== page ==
We can achieve nature positivity only through collaboration - Lahti

We can achieve nature positivity only through collaboration

In Lahti, we have started working towards a nature-positive life. Is the term new to you? Let’s take a closer look at what starting this work entails.

First, definitions: Nature positivity means that we produce more benefits than harm to nature. This means that our net impact on nature is positive. Currently, human impact is negative, so turning the tide is necessary.

This year in Lahti, we will set a nature goal and together with stakeholders from the Päijät-Häme region, we will create a roadmap on how to achieve this goal. Collaboration is our keyword because a nature-positive city is built specifically together.

Our project started in the summer, and during the autumn, we familiarized ourselves with what is already being done in Päijät-Häme and Lahti, and where we are heading. Without exception, these meetings were inspiring and often resulted in some concrete joint actions.

We, for example, visited the impressive student theater Olga at Lahti Diakonia College and learned about its nature activities. We heard about the work of the Martta organization in promoting sustainable diets. We learned that Viking Malt is already familiarizing itself to the guidelines for setting nature targets. We planned nature pilots with Lahti region universities. And much more.

In various discussions we have heard that cooperation and joint action are needed in nature work. That is what we promise!

The food industry depends on nature – that’s why action is necessary

In January, we organized two workshops: one for the food system and the other for cultural sector actors. Päijät-Häme has a strong food industry, and the food industry is also one of the most nature-dependent sectors, so the work really matters.

Researchers from the Academy of Finland’s Biodiful project participated in a networking event for the food system. The event also served as a kick-off for Biodiful researchers to start conducting action research related to biodiversity in the food industry companies in the Lahti region. By participating in the research, a food industry company or agricultural entrepreneur can get a good start or boost for their nature work.

Culture and art drive ecological sustainability transformation

We organized the second workshop together with the Päijät-Häme Regional Council. The cultural program of Päijät-Häme provides a good basis for discussions and joint activities on culture & nature themes. The workshop brought together cultural and art sector actors as well as researchers.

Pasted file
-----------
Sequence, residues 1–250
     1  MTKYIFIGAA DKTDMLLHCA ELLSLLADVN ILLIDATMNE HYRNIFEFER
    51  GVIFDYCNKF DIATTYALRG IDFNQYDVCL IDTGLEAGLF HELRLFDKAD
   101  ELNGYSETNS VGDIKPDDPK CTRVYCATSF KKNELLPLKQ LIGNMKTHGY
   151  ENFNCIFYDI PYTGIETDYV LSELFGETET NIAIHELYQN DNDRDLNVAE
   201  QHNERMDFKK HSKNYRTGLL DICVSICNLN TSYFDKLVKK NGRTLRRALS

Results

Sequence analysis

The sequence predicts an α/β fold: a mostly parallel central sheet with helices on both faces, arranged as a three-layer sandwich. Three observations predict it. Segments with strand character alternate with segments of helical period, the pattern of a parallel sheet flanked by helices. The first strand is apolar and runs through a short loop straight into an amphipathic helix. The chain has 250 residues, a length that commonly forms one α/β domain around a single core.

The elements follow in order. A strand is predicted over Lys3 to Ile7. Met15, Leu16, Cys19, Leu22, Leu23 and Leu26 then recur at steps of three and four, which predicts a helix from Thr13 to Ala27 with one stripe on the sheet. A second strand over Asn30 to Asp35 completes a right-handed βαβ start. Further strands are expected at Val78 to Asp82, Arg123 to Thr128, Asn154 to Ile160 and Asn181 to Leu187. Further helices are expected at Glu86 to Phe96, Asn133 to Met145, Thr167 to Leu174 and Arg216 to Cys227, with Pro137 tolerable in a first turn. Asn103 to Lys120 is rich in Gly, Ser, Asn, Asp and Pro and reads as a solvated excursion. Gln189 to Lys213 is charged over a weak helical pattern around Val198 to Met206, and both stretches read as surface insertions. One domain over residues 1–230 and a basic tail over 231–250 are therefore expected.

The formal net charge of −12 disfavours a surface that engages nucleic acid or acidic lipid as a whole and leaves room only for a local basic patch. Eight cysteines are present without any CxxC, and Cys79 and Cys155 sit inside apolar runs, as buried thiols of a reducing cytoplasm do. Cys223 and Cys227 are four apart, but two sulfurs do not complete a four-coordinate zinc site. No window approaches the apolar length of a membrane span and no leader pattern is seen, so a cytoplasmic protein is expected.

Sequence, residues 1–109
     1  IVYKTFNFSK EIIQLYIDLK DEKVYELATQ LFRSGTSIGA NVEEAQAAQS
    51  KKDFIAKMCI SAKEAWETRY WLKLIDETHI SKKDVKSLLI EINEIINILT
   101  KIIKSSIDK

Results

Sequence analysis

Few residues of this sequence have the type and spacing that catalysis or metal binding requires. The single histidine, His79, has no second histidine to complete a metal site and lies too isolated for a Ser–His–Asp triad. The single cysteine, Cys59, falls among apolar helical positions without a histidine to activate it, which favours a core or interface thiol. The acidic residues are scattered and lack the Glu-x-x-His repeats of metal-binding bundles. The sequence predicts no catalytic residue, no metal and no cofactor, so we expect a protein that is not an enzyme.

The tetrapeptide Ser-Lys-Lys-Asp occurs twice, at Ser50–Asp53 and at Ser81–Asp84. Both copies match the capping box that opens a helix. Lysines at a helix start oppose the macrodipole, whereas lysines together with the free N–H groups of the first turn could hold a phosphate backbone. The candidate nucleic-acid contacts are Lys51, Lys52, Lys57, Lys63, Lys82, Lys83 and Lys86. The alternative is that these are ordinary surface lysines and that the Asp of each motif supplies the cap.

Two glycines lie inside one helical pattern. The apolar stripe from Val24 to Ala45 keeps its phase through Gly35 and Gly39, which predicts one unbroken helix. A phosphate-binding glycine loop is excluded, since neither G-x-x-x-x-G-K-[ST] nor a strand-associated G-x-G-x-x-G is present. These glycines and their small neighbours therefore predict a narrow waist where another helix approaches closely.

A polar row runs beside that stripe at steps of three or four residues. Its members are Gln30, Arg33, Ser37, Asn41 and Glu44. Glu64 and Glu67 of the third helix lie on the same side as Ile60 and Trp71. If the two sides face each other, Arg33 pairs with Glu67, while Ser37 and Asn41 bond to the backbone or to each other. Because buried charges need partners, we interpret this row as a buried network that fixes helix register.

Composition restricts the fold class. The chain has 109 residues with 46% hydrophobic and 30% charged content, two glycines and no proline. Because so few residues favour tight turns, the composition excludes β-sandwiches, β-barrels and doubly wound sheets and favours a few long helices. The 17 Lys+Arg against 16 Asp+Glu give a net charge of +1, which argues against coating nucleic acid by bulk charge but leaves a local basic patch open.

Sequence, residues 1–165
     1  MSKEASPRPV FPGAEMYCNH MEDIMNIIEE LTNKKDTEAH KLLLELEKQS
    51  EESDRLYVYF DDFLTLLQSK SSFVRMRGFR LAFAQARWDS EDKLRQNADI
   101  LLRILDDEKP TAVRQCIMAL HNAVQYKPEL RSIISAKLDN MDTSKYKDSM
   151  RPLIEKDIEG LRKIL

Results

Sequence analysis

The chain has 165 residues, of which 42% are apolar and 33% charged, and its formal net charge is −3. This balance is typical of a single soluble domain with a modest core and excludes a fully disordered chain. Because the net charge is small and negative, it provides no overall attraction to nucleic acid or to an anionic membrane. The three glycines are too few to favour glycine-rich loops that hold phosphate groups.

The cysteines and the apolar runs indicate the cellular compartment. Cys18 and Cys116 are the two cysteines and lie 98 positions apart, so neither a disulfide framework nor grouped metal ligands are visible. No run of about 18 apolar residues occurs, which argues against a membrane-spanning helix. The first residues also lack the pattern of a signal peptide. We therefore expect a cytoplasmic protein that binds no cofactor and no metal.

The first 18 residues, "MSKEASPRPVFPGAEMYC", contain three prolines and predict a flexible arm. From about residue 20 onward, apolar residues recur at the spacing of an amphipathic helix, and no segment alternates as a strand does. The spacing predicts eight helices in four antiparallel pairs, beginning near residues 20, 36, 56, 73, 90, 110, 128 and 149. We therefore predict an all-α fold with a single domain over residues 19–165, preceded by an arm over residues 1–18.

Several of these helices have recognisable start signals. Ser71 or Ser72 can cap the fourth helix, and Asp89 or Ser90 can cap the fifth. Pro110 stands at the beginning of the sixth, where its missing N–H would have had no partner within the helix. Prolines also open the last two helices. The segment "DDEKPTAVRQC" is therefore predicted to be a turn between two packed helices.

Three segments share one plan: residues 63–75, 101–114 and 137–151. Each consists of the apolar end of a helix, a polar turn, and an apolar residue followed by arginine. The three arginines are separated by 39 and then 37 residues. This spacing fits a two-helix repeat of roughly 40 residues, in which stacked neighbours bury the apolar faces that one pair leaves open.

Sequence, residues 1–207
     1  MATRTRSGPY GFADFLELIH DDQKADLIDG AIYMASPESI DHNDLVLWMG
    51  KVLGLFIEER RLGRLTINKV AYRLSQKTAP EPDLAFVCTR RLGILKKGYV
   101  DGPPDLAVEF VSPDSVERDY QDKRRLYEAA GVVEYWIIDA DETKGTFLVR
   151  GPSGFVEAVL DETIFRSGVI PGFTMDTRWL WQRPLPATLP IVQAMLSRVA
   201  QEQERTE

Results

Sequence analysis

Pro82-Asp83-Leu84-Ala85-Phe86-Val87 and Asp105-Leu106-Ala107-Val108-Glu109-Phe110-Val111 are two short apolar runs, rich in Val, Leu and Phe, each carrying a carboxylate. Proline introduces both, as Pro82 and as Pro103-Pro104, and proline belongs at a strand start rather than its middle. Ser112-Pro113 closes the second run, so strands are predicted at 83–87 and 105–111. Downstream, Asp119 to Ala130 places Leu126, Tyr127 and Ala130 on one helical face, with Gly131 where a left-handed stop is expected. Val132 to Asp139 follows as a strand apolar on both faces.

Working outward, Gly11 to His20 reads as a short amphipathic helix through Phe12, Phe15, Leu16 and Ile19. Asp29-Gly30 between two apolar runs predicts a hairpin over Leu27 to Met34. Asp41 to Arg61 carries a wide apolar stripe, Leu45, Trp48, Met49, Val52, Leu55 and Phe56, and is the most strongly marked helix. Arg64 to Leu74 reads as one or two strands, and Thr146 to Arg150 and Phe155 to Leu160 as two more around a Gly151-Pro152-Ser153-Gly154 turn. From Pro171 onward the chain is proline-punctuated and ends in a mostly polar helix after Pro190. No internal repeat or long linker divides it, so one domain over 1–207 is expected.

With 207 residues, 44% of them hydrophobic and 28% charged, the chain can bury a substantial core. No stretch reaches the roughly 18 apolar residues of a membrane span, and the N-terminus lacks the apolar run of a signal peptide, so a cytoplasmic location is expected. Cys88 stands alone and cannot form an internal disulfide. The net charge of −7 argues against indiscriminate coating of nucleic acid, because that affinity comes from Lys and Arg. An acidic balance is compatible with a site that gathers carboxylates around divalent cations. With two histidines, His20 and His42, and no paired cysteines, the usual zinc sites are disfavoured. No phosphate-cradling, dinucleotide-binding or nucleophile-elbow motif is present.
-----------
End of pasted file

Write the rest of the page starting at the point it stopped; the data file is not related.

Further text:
In the workshop groups, we exchanged ideas on how the arts and culture sectors can create new, more nature-positive ways of operating and strengthen action cultures that respect nature. The discussions highlighted that art can, for example, visualize changes happening in the environment or create new, more nature-positive narratives.

We will continue discussions and consider common places for action next at the Päijät-Häme Regional Council’s premises in the spring.

A nature-positive life is built together

Now in February, we are bringing together people interested in a nature-positive city. We are organizing an event in Lahti called Building a Nature-Positive Life Together, where we will hear from speakers including representatives from the World Economic Forum, Sitra, Fazer, and Nordea. The event will conclude with an art dialogue.

Participants in the event will also join a guided tour of the Future Garden exhibition at the Visual Arts Museum Malva. What a perfect place for discussions and encounters on the way towards nature positivity!

The text has been translated with the assistance of ChatGPT artificial intelligence.

Hanna Mattila
The author leads the Nature-Positive Life project in Lahti. She holds a Master's degree in Agricultural Sciences. Previously, she has worked, among others, at the Ministry of the Environment, Sitra, and the Ministry of Agriculture and Forestry. She has also edited two non-fiction books: "Less Meat" about sustainable food culture and "The Web of Life" about biodiversity.